The Universe was born in darkness 13.8 billion years ago, and even after the first stars and galaxies formed several hundred million years later, they too remained dark. Their brilliant light, stretched through time and the expanding cosmos, was dimmed into the infrared, rendering them – and other clues to our beginnings – inaccessible to every eye and instrument.
Until now. On Tuesday, the James Webb Space Telescope, the most powerful space observatory built to date, offered a spectacular slideshow of our previously unseen nascent cosmos. Ancient galaxies covering the sky like jewels on black velvet. Young stars shining deep from cumulus clouds of interstellar dust. Evidence of water vapor in the atmosphere of a distant exoplanet.
Their sum is both a new vision of the universe and a view of the universe as it once looked new.
“It’s always been out there,” said Jane Rigby, an astrophysicist at NASA’s Goddard Space Flight Center in Greenbelt, Md., and the telescope’s operations manager. “We just had to build a telescope to see what was there.”
The Webb Telescope – NASA’s lauded successor to the Hubble Space Telescope, 30 years old and nearly 10 billion. It is a collaboration between NASA, the European Space Agency and the Canadian Space Agency.
“We’re looking for the first things to come out of the Big Bang,” said John Mather, the telescope’s lead project scientist.
President Biden offered a preview Monday afternoon as he presented what NASA officials and astronomers are calling the deepest image yet of the cosmos, a mark likely to be surpassed before the week is out when more data is spat out by NASA’s computers will.
The image of a distant star cluster called SMACS 0723 revealed the presence of even more distant galaxies scattered across the sky. The light from these galaxies, visualized by the cluster’s gravitational field, came from galaxies that existed more than 13 billion years ago.
Looking into space means looking into the past. Light travels through the vacuum of space at a constant rate of 186,000 miles per second, or almost 6 trillion miles per year. Observing a star 10 light-years away is seeing it as it existed 10 years ago, when light left its surface. The further away a star or galaxy is, the older it is, making every telescope a kind of time machine.
Astronomers suspect that the most distant early stars could be different than the stars we see today. The first stars were made of pure hydrogen and helium left over from the Big Bang, and they could grow much more massive than the Sun — and then collapse rapidly and violently into supermassive black holes of the kind that populate the centers of most galaxies today.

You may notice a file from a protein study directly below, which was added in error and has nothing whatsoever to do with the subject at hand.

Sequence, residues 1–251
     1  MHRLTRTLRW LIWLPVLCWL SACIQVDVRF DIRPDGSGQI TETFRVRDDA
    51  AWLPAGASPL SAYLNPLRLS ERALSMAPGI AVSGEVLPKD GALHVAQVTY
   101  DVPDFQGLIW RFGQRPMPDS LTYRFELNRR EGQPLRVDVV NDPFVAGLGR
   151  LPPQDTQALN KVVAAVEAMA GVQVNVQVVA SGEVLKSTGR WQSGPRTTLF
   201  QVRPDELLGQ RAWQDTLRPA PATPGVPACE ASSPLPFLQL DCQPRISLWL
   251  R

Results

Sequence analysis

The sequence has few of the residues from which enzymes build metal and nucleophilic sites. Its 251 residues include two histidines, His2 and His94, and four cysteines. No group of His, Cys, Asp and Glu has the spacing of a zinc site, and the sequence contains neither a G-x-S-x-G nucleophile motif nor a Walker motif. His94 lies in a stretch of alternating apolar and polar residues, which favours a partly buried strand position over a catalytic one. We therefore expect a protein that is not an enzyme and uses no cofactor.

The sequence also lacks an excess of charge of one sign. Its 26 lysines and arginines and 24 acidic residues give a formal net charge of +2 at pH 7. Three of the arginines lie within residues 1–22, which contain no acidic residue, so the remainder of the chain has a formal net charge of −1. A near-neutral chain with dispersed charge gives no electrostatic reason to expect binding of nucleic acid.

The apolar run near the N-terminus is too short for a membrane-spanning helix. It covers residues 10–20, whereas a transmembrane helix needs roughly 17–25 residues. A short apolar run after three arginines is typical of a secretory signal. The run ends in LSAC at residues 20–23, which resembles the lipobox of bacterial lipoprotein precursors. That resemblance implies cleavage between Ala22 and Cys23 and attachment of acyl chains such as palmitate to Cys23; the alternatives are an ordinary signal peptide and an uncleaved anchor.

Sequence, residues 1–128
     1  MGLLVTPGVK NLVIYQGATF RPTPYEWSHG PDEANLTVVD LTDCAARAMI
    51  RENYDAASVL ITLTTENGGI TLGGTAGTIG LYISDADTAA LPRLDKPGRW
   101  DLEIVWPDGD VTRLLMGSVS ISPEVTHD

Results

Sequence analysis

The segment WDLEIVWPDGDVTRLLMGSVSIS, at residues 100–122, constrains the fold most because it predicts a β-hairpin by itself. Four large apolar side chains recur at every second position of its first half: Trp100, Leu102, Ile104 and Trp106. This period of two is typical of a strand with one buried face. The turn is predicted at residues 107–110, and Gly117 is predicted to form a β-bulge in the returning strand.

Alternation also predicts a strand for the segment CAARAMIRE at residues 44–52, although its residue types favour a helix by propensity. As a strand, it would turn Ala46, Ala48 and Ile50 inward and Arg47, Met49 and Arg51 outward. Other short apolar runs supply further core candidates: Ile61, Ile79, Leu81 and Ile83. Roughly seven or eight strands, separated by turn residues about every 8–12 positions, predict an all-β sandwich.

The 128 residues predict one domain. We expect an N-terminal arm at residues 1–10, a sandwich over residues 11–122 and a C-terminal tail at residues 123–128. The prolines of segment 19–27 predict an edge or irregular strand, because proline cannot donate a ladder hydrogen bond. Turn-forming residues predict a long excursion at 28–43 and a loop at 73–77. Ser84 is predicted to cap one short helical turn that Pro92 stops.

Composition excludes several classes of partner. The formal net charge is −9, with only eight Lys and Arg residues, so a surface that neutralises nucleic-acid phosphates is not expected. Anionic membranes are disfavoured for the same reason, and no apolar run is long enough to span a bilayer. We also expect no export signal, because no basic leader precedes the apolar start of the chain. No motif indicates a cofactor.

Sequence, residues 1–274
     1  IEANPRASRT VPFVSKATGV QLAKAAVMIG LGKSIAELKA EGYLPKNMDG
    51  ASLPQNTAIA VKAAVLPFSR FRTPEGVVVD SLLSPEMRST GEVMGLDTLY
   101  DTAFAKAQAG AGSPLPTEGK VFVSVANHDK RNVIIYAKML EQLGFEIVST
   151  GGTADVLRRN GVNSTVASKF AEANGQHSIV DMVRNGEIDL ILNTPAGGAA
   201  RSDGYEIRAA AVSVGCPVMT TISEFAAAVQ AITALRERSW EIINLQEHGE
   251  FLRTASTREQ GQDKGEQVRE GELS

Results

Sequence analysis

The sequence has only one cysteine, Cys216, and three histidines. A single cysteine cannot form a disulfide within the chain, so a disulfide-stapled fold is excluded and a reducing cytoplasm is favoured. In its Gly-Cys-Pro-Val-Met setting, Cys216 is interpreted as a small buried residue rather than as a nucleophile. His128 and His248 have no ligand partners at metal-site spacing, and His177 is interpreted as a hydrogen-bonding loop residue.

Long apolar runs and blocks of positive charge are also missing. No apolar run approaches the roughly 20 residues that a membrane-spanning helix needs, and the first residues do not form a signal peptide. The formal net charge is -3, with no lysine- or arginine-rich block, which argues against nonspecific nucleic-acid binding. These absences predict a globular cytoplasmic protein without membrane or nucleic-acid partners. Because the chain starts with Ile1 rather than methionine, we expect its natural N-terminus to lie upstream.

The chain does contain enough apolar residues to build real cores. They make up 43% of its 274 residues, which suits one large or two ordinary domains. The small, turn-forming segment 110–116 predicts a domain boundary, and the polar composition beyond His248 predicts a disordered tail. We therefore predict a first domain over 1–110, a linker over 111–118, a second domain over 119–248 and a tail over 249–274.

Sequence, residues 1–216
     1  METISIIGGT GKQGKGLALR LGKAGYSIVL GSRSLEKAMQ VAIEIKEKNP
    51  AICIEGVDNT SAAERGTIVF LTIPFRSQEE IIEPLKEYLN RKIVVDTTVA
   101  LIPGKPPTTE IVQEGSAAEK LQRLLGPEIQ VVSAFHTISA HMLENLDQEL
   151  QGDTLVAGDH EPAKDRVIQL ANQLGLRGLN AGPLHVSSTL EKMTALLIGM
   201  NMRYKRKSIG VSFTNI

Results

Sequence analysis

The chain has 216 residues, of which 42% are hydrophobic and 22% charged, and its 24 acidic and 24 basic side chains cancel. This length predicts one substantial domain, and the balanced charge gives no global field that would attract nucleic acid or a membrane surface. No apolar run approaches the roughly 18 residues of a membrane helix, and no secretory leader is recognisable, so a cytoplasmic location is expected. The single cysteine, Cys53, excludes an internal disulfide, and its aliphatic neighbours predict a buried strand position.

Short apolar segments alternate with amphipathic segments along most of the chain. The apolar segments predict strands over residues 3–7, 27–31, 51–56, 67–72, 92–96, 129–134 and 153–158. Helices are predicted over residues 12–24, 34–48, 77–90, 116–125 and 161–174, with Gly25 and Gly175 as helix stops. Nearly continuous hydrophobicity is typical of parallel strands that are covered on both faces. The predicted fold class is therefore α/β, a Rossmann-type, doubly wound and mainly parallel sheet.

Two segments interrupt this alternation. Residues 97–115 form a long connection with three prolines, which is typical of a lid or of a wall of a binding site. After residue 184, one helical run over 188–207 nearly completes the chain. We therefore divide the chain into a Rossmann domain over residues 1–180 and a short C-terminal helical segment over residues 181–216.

The new images were presented during an hour-long ceremony at the Goddard Space Flight Center moderated by Michelle Thaller, the center’s associate director for science communication, with video stops around the world. A few miles away at the Space Telescope Science Institute in Baltimore, a swarming crowd of astronomers cheered and roared, oohs and ahhs, as new images flashed onto the screen – proof their telescope was performing even better than hoped.
An infrared skyscape showed Stephan’s quintet, five galaxies incredibly densely packed in the constellation Pegasus. Four seem so close that they might eventually merge. Indeed, the image showed a dust band that was heated up as two of the galaxies ripped stars apart.
A look at the Southern Ring Nebula, the remains of an exploded star, revealed evidence of complex carbon molecules known as polycyclic aromatic hydrocarbons, or PAHs, floating at the center. Such molecules drift through space and settle in clouds, which then give birth to new stars, planets, asteroids – and whatever life might later sprout.
“Possibly the formation of PAHs in these stars is a very important part of the origin of life,” said Bruce Balick, professor emeritus of astronomy at the University of Washington. “I am shocked.”
The most striking image was of the Carina Nebula, a huge, swirling dust cloud that is both a stellar room and home to some of the most luminous and explosive stars in the Milky Way. Viewed in infrared, the nebula resembled a looming, eroded coastal cliff studded with hundreds of stars astronomers had never seen before.
“It took me a while to figure out what to call out in this image,” said Amber Straughn, assistant project scientist for the telescope, as she pointed to a rugged structure.
dr Straughn added that she couldn’t help but think of the size of the nebula, full of stars with planets of their own.
“We humans are really connected to the universe,” she said. “We are made of the same stuff in this landscape.”
By astronomers and at watch parties around the world there was unanimous relief and praise.
“I was blown away by this event,” said Alan Dressler, an astronomer at Carnegie Observatory who helped design the telescope 30 years ago. “I guess I’m not as jaded as I thought.”
He added: “The growth in our understanding of the universe will be as big as it was at Hubble, and that’s really saying something. We have a great adventure ahead of us.”
In an email, Sara Seager, a planetary scientist at the Massachusetts Institute of Technology, said: “When I read (last week?) that people cried when they first saw the images, I thought it was ridiculous. Now I feel like crying.”